Ellsworth – AM Wheelset Review

Pro Reviews

Post by Robb Sutton (198)
Mountain Biking by 198

Wheels are a very special part of the bike. They single handedly control how your bike feels on the trail and how your power is transferred to the ground. After my review of the Ellsworth Evolve and my recorded interview with Tony Ellsworth, Ellsworth sent me a set of their new $990.00 all mountain wheels to review.

At $990.00, these wheels are in the top of the mountain biking price bracket so the standard is set pretty high. For a complete spec on these wheels, you can check out the Ellsworth site or my preview post. For reviewing purposes, the wheels were mounted to my Ventana El Terremoto 6.0 (150mm travel frame) and they wore the new Schwalbe Big Betty UST tires (a true 2.4 tire – tubed). I have been riding these wheels for over a month and a half now in varying terrain. They have seen everything from local loops to shuttle runs to heavy rock gardens.

A Little About The Ellsworth AM Wheels

Picture by regularJoe

Highlights from the spec list include:

  • Each wheel is de-tensioned 6 times, and then re-trued and re-tensioned again by hand.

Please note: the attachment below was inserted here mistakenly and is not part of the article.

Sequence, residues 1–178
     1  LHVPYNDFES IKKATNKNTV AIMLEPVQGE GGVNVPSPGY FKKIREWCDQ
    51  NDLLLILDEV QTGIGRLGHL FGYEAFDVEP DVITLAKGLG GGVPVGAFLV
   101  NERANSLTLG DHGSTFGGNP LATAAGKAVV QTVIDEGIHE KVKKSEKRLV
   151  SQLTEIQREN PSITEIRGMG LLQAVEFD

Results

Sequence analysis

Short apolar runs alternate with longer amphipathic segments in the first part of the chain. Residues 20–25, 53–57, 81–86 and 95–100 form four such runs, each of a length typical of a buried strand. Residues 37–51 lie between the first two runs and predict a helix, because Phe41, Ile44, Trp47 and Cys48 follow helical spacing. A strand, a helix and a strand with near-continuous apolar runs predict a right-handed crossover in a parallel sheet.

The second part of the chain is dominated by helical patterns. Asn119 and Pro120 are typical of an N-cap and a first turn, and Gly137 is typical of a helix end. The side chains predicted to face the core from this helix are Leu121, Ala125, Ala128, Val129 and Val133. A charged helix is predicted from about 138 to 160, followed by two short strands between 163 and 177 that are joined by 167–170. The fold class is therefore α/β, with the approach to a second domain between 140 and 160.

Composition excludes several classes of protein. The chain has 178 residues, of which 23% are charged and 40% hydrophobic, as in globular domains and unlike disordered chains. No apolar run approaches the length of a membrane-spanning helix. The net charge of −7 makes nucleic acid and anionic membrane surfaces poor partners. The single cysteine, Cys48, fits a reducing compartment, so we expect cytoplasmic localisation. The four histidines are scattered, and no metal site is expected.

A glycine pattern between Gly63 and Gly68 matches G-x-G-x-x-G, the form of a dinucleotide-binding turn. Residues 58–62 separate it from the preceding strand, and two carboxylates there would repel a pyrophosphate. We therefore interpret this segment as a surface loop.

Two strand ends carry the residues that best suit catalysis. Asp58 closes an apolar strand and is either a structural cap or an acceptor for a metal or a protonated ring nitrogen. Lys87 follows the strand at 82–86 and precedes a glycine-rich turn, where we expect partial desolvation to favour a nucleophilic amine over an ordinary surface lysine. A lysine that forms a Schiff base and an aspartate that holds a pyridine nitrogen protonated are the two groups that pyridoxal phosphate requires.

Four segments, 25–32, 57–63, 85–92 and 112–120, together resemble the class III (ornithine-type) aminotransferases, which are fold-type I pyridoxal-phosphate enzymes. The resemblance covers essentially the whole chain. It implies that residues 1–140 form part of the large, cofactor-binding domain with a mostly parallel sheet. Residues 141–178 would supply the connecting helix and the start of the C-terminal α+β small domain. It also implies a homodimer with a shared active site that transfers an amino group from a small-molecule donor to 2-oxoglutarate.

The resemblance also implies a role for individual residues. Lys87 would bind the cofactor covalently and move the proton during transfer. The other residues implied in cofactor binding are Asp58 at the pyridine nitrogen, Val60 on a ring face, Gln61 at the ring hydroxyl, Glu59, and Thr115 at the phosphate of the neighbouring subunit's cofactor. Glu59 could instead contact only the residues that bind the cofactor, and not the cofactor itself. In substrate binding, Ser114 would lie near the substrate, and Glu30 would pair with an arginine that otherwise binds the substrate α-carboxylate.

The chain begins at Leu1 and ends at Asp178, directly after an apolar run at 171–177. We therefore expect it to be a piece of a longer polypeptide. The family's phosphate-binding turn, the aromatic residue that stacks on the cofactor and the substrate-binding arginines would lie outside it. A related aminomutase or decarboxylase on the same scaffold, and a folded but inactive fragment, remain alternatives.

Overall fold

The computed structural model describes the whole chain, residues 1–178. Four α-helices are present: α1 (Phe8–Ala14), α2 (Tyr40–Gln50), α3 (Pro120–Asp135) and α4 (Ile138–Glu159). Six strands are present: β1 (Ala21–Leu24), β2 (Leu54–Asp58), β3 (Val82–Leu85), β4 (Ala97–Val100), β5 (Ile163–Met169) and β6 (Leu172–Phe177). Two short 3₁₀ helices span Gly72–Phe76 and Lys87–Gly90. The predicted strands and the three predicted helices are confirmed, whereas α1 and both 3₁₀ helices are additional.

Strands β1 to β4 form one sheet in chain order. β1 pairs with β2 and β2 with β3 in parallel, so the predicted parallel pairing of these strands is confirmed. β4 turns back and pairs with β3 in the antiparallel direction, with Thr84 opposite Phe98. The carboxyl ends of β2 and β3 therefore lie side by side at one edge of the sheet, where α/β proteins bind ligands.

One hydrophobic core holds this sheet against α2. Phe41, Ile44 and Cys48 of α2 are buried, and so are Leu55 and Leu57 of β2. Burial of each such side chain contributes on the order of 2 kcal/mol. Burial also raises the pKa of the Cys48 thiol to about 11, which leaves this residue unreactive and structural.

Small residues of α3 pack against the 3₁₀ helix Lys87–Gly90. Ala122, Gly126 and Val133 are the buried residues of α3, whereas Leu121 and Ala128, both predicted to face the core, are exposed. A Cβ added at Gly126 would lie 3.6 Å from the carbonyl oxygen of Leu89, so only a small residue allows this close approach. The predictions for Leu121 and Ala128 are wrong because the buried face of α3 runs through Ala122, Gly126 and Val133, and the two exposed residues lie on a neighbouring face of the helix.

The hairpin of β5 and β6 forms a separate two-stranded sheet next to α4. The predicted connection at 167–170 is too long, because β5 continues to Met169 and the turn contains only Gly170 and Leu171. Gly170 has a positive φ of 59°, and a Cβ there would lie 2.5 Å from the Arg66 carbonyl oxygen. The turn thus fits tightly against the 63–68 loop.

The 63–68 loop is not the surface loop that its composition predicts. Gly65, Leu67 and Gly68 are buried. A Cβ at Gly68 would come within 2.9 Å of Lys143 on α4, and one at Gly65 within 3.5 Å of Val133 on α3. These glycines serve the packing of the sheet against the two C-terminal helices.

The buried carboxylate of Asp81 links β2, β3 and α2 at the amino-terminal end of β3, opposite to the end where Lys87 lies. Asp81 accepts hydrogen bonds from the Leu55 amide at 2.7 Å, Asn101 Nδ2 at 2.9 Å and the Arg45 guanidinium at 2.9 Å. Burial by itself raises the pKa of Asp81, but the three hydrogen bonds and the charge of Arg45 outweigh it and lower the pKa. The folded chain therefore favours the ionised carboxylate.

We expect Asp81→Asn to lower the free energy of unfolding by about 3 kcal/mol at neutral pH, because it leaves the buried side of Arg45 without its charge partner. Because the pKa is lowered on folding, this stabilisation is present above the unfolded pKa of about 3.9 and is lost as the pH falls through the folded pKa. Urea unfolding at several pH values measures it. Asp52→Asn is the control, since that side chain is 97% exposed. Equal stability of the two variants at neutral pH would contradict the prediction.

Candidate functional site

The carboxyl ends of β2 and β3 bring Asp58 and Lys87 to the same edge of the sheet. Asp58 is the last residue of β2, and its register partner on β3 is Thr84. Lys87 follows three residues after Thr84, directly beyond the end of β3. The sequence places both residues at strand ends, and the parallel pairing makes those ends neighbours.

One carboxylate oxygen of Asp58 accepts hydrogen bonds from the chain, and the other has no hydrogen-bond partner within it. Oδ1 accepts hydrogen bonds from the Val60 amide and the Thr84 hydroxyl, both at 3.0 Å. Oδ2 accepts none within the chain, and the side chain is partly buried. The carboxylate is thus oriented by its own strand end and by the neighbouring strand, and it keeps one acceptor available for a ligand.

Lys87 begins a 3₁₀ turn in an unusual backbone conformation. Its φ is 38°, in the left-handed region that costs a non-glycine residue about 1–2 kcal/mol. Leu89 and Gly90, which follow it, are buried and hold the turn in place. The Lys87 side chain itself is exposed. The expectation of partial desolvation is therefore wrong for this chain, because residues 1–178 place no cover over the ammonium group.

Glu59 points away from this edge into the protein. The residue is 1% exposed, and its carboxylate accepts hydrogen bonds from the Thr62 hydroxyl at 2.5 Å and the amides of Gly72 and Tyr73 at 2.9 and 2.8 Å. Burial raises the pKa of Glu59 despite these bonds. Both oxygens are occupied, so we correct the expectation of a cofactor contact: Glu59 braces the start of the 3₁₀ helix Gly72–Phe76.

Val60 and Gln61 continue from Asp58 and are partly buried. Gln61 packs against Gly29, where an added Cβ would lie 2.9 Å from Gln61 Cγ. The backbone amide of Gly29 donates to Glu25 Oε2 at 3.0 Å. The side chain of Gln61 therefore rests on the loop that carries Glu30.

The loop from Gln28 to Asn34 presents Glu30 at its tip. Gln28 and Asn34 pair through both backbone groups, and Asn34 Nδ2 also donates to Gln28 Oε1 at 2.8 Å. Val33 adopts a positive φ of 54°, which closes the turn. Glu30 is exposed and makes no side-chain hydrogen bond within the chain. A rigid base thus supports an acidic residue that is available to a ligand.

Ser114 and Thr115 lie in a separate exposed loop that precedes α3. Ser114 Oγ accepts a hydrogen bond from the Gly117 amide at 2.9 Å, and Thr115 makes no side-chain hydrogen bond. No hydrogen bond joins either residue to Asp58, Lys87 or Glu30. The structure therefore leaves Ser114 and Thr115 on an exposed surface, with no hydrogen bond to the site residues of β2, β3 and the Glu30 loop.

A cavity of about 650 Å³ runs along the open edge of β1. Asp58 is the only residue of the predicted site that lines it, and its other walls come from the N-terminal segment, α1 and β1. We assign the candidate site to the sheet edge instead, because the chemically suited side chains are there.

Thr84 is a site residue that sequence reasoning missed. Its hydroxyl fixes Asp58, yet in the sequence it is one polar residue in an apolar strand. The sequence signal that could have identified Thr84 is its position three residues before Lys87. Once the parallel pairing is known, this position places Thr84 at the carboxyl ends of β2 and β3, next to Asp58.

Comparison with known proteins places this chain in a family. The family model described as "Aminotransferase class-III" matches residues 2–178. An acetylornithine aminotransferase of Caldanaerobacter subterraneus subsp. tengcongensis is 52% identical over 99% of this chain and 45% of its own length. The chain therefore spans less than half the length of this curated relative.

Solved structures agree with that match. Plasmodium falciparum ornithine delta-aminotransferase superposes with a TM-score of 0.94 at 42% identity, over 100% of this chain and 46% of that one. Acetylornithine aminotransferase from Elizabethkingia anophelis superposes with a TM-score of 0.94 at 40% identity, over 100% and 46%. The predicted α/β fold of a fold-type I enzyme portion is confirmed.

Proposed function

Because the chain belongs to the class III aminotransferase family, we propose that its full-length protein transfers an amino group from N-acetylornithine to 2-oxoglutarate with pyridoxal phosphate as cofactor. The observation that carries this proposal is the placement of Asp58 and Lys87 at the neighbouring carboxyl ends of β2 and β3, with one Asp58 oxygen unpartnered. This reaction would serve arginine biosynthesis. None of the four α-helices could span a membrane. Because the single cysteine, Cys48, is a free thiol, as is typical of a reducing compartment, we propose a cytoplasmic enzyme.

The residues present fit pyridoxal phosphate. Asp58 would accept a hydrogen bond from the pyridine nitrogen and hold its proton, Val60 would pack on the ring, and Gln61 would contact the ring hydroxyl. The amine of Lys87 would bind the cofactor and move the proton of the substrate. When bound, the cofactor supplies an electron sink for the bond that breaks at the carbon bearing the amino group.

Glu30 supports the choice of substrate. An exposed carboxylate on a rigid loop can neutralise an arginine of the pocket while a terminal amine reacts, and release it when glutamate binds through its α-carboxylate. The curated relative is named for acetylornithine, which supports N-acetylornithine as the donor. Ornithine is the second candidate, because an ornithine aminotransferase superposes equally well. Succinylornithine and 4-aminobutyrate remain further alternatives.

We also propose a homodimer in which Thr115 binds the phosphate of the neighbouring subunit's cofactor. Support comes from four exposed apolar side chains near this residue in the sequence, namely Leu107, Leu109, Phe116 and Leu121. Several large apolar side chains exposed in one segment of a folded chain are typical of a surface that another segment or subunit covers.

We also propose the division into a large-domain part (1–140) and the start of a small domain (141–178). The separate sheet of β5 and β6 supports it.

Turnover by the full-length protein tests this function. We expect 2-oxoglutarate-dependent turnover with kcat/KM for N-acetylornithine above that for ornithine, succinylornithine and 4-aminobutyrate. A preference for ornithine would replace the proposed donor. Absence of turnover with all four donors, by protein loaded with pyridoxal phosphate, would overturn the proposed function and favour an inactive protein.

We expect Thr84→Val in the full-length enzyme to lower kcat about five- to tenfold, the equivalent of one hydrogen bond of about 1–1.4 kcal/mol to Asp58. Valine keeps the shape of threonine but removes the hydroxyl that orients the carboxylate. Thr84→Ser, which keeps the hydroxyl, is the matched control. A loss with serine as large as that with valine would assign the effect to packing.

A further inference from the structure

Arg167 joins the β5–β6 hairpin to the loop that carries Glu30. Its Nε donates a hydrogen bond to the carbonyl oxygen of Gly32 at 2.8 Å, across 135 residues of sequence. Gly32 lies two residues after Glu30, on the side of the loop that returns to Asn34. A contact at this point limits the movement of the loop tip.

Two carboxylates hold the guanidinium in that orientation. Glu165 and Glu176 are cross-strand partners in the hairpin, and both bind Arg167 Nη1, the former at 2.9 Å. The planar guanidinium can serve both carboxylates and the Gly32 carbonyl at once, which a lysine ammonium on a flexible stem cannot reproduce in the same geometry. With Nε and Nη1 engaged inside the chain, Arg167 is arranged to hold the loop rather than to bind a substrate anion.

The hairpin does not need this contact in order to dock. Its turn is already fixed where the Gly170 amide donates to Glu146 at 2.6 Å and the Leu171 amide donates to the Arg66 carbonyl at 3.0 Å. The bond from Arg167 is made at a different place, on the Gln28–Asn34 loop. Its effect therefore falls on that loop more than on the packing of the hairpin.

• Each Ellsworth direct pull hub uses a full compliment of the highest quality Japanese EZO bearings.
  • All Ellsworth spokes are direct pull to achieve maximum tension and quadruple taper and butted for superior strength and stiffness to provide you with a faster rolling, more durable wheel.
  • Ellsworth rims have a wider rim profile that provides a wider stance of the tire on the rim. This gives the rider a larger contact patch of the tire on the ground. (32mm wide for this set)
  • Claimed 2,376 grams
  • Weight as tested on Ultimate Digital (QR rear w/20mm Caps on the Front) – 2,420g
    Front w/20mm End Caps – 1,100g
    Rear w/QR Axle and No QR – 1,320g

They are only available in the polished stainless and black rim which ended up looking incredible on my bike. They are a 32 spoke, straight pull wheel. The front hub converts from a QR to a 20mm and the rear will swap between QR and 10mm. These are the provided parts with every wheelset (QR’s included).